You go into the playoffs with 34 games worth of tape to study. That’s the idea anyway.
Yes, there are always a few injuries that shake things up, and yes, there will always be a few wrinkles here and there once the first shot is fired. But for the most part you’re supposed to know what you look like, and what the team you’re facing looks like.
The Colorado Rapids and Seattle Sounders could only wish for such a scenario. Both teams are coming into Wednesday night’s game (10:30 pm ET; NBCSN) flying something close to blind, and those 34 games worth of tape will show constantly shifting lineups and formations.
Hard to scout off that, but here are a couple of points worth noting:
Sigi’s rolling the dice on the midfield diamond
I can’t figure out if Sigi Schmid's decision to go with the diamond last weekend vs. LA was inevitable, or a last-ditch gamble. It feels like something of both.
Seattle's acquisition of Clint Dempsey this summer was fraught, as big mid-season acquisitions always are, because bringing on a new focal point necessitates an on-the-fly tactical switch. And that's created a certain amount of confusion among ... well, pretty much among everyone.
So the diamond is a tactical shortcut for simplicity's sake, and a message: This team is Deuce's to carry, and he'll do it from a free role in the hole. Sort out the confusion by streamlining.
Dempsey will be getting the ball the most in dangerous areas, very likely with three responsible defensive players (Ozzy Alonso, Brad Evans, Adam Moffat) arrayed in a narrow arc behind him, and two targets ahead of him. There's a lot reason to think it will work:
|Player||Minutes Played||Passes, Final 1/3||Passing Accuracy, Final 1/3||Chances Created||Big Chance Created||Dribbles Attempted||Dribbles Completed|
Dempsey actually fares pretty well when stacked up next to three of the other Western Conference playmakers who'll play a pretty big role in the coming week (though Sanchez is still a doubt). The most impressive number is probably the passing accuracy – between Deuce and Eddie Johnson, the Sounders will be able to keep the ball high, and force the Rapids to defend in the 18.
Colorado are not good at that:
That goal happened after a pair of not very difficult passes in semi-transition. These are the passes that Dempsey, Evans, Moffat and Alonso will complete all game long.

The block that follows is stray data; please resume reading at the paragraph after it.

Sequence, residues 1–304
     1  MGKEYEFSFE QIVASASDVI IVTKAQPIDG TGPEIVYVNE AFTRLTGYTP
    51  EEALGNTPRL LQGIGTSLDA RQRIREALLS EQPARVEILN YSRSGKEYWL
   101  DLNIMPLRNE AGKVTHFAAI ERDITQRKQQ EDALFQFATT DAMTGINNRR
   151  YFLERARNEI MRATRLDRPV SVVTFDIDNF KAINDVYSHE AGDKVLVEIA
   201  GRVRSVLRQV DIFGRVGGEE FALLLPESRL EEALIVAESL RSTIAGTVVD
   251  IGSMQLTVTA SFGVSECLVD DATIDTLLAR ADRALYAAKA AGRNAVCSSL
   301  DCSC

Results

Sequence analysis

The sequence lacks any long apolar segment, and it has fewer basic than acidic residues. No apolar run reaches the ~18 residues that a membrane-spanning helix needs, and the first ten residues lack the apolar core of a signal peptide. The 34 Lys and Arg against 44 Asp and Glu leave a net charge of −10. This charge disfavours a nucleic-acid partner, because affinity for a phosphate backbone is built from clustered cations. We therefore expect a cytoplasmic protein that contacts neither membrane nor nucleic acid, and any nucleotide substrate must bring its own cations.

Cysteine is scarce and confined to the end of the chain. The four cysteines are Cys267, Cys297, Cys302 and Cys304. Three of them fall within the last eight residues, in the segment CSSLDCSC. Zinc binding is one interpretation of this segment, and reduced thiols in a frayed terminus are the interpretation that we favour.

It's not all roses for Seattle, though. Many of those numbers look good, but the "dribbles attempted vs. dribbles completed" stat at the end of the graph is a nightmare that wants to steal your candy.
Deuce's decision tree when he gets the ball tends to go "Stepover, Cruyff, or reverse Cruyff" and, only after that's been exhausted, does a secondary wheel stop on "pass." It's a measure of his vision, skill and strength on the ball that he's able to play slow and still be dangerous. But it's also pretty consistently broken the rhythm of the attackers around him.
Of course, that was when the Sounders were something else. As of Sunday, they became Deuce's team, so now they have to adjust to him.
Will Colorado adjust to the adjustment?
Quick: What style do the Rapids play?
You can't answer that. Nobody can really answer that, because this team is a chameleon. Yes, they almost always line up in a 4-3-3 (that often looks a lot like a 4-2-3-1), but they don't reliably press high. They don't reliably isolate their wingers for take-ons. They don't send in a ton of crosses, and they don't create a ton of chances.
They are middle of the pack in almost every single attacking stat, from chances created to passing accuracy and everything in between. With most teams that would indicate mediocre talent; with the Rapids, that indicates flexibility.
It makes them a very difficult scout, especially with Sanchez – an all-or-nothing attacker if there ever was one – now in the mix.
There's one thing to rely upon, though: They will get Chris Klute into the attack. And if they don't, they will struggle.
Those are Colorado's two most recent games, the 3-2 win over Vancouver at home, and the 3-0 drubbing at BC Place. Klute's passes – successful and not – in the final third are on the graphic (win on top, loss on the bottom).
The difference isn't that notable from game-to-game, but it's still there. Klute got deeper into the attack in the win, and the Rapids played better. He made them more dangerous across the entire field by pulling defenders to him, generating time and space for the likes of Deshorn Brown, Sanchez and either Nick LaBrocca or Martin Rivero, depending upon who was playing the creative central midfield role (Dillon Powers was out for both with concussion symptoms, and is likely still out for Wednesday's game).
When the fullbacks get that kind of space, usually thanks to quick midfield transitions from defense to possession to attack, the diamond can come apart.
And that's exactly what happened on what is still probably Klute's signature MLS moment, this cross against Real Salt Lake:
Bear in mind that RSL's got a lot more experience defending from the diamond than Seattle will. And that this will be right in right back DeAndre Yedlin's grill – the same Yedlin who was scorched repeatedly by the Rapids in early October's 5-1 win.
So yeah, the Rapids are a tough scout, and have enough different looks to make film sessions something of a rabbit hole.
But there's one thing we all should know: Klute's gonna get up the flank. There are 34 game tapes to tell us that.
It's up to the Sounders, now, to dictate exactly how far. If they can't, the Rapids will be in business.